I was probably 13-years old when I first heard the song on the radio, I Need Love, by LL Cool J. I liked the beat and melody, but I did not, initially, pay much attention to the words. It was not until I heard some guys in my class rap the lyrics that I felt compelled to learn the lyrics.
Once I cared, I really listened.
LL kept repeating three words in the chorus—simple and straight to the point: I need love. I liked the song so much, I asked my parents to purchase the cassette tape for me.
I would pop the cassette in my Walkman, hit play, and pause to write down the words. I’d rewind it, over and over, until I had all the lyrics written down in my notebook. Then, I would practice it, over and over, until I knew the song by heart.
My commitment to the task was about more than a song. It was about the feelings and emotions it conveyed.
I have continued to use that listen-well-and-write-it-down process over the years.
In fact, I sang one of these songs to my wife at our wedding: A Ribbon in the Sky, by the incomparable Stevie Wonder. The time it took to listen well and write it down was definitely worth the effort.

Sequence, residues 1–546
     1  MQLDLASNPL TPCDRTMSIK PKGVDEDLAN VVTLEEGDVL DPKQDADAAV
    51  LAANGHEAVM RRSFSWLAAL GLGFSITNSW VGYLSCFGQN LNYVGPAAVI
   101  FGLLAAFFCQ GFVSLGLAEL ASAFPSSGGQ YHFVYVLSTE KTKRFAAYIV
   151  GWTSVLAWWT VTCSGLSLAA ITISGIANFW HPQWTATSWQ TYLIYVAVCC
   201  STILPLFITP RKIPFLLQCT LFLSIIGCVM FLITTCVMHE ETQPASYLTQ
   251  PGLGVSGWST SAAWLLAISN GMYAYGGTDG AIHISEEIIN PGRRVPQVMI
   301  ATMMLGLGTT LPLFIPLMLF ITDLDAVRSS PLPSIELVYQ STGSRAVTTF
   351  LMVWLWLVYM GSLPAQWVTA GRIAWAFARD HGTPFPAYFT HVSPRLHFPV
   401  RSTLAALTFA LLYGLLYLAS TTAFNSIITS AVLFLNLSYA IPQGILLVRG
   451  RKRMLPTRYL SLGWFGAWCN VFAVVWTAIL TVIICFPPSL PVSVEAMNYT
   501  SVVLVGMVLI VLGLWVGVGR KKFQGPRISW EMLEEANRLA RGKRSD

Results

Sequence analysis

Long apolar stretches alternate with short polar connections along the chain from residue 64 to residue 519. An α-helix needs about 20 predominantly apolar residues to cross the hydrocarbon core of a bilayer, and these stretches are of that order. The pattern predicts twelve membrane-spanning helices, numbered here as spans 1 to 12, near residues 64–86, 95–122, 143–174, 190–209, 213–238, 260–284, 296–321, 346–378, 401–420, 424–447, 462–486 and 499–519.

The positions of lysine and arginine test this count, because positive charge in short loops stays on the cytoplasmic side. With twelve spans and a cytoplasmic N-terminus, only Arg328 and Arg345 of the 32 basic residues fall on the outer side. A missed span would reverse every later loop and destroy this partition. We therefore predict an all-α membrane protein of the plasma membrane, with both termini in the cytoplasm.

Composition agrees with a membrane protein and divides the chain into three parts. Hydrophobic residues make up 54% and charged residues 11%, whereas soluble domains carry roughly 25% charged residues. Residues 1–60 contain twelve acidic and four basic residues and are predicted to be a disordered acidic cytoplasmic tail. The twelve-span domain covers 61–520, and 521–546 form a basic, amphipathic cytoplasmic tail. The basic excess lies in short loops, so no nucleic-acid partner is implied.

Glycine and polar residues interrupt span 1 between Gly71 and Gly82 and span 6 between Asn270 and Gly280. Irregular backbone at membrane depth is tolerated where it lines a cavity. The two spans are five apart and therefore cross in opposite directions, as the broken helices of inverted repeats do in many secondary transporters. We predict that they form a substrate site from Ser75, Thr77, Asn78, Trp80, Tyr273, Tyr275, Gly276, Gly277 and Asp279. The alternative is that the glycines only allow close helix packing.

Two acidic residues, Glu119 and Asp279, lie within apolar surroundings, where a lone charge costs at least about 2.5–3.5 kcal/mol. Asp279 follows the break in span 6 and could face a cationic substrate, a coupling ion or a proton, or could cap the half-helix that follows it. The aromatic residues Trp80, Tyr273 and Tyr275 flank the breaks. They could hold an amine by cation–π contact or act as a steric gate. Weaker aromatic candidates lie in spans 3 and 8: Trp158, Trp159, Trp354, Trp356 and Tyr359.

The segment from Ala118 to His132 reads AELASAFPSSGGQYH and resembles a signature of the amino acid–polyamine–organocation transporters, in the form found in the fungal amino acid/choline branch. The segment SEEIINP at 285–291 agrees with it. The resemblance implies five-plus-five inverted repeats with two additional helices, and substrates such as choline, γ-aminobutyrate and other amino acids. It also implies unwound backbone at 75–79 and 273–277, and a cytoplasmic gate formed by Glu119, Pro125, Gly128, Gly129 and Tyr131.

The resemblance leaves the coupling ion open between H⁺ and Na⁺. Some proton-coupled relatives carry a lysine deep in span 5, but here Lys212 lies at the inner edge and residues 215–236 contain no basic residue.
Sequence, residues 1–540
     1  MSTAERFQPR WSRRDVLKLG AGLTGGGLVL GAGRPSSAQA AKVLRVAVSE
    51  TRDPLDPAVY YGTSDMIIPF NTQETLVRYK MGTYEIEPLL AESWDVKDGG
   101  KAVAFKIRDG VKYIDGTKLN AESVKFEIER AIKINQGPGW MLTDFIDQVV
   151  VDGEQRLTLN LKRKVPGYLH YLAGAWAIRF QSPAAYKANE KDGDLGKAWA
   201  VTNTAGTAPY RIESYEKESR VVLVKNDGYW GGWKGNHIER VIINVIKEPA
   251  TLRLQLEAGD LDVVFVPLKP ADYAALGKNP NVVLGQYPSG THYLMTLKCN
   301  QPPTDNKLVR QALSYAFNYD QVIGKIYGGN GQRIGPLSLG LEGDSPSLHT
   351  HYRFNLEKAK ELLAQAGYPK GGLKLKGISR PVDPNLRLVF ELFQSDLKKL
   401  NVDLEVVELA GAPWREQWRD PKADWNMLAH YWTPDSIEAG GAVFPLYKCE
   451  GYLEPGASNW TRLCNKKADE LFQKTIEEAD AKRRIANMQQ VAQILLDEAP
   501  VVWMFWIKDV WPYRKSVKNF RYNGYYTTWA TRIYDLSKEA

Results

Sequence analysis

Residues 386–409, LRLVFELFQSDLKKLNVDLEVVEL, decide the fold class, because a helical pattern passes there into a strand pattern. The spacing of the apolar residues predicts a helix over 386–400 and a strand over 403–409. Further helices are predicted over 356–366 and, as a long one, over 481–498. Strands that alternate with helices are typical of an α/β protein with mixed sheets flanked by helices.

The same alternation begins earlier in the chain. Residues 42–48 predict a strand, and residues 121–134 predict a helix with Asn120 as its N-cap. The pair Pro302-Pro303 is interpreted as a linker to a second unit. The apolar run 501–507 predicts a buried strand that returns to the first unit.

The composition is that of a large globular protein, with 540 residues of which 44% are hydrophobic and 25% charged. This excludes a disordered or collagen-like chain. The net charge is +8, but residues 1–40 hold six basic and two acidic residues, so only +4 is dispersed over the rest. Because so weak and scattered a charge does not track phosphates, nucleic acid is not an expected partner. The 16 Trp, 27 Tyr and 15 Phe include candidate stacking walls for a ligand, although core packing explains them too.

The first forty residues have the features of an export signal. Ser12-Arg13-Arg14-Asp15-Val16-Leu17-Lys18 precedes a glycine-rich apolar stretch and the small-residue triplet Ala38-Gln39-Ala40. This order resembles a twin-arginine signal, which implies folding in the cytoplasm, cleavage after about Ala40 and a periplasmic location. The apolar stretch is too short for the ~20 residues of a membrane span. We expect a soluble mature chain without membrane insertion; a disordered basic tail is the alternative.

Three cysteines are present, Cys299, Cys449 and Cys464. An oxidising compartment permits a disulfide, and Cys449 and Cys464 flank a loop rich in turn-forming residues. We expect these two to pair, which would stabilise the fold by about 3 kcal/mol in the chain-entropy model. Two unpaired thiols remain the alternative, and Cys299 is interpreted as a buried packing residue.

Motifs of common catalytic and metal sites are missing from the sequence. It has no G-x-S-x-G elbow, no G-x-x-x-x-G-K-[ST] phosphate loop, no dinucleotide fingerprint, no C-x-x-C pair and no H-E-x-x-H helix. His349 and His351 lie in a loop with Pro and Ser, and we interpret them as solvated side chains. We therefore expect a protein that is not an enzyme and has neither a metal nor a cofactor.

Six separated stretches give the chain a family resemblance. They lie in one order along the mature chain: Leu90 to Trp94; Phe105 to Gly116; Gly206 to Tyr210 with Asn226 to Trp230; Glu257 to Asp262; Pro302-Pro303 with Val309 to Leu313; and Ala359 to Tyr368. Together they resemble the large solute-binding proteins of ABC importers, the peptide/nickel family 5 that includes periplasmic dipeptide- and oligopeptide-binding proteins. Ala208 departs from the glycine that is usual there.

In the same way that music sets a mood and conveys emotion, I like to set the right tone as a fundraiser. We should all consider the importance of feelings, emotions and sentiments when seeking to attract prospective donors to a cause. There should be creativity, even artistry, associated with any successful fundraising.
For example, while not all donors will want public recognition, I have found you cannot “sing their praises” enough, and you cannot say “thank you” too often. It can be accomplished in many ways, but one of the most important is to do exactly what they have told you they want done. And don’t just assume you heard them correctly, write it down. Like learning a song you want to sing to someone you care for: listen, repeat it back, get it right, and write it down.
This level of consideration builds trust and increases the likelihood of repeat giving—which may increase donors’ desire to share publicly, with family and friends, their sentiments about giving to your organization.
By creating the right mood—one that reflects genuine love and personal appreciation—we can better inspire individuals, foundations and corporations to write love letters back to us in the form of monetary support.
Remember the song: I Need Love! And remember, donors and volunteers need love, too. It’s only through working together that we have the greatest potential for unleashing the power of philanthropy.
High Point, North Carolina